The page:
University of Delaware researcher and assistant professor Karin Silbernagel has been given two grants to explore the recovery process after achilles tendon ruptures. The first grant is from the Foundation for Physical Therapy and the second on is from the Delaware Biotechnology Institute. Her research team is presently recruiting participants for an observational study on tendon rupture or damage recovery. Silbernagel is hoping to figure out the answer to two key question:
- Why is there such a large variation in final recovery outcomes?
- What differs between patients who do really well and those who do not do so well?
In Silbernagel’s upcoming study, participants will receive Fitbits to measure their activity levels during the early post-rupture crucial months for recovery. Since protecting the rupture site is so important, the researchers will look at the mechanical properties of the tendon through elastography, which maps the elastic properties of soft tissue. During this procedure, the tendon is vibrated and then studied through ultrasound.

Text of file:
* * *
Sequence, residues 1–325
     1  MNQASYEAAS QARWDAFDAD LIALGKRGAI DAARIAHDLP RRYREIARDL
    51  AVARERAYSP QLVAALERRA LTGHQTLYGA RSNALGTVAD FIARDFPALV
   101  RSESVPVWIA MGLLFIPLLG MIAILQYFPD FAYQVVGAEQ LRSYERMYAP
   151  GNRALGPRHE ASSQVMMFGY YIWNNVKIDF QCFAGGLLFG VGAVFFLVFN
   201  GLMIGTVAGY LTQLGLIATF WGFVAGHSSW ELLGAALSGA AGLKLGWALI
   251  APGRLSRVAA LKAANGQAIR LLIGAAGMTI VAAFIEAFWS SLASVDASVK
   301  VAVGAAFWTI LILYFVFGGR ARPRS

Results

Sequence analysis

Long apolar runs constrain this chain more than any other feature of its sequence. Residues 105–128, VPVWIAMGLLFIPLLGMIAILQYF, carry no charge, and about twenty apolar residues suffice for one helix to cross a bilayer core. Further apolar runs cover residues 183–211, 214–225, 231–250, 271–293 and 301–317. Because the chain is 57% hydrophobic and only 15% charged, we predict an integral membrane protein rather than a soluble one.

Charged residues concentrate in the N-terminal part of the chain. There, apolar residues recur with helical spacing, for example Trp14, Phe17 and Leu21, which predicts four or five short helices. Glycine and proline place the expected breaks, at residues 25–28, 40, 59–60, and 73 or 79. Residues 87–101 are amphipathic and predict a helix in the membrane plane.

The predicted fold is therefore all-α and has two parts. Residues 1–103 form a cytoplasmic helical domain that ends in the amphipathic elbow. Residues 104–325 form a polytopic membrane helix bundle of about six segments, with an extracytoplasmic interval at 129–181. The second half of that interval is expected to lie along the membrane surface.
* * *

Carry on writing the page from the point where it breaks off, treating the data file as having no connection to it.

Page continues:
Silbernagel’s work will heavily focus on the first 8 to 12 weeks after an achilles injury, the crucial period for tendon healing. In her own words:
“If we can identify which changes in mechanical properties is an indication of who does well or not, then we don’t have to wait six months to a year [post-injury] to do studies anymore. If the activity level has anything to do with it, then we as physical therapists could be a lot more proactive early on.”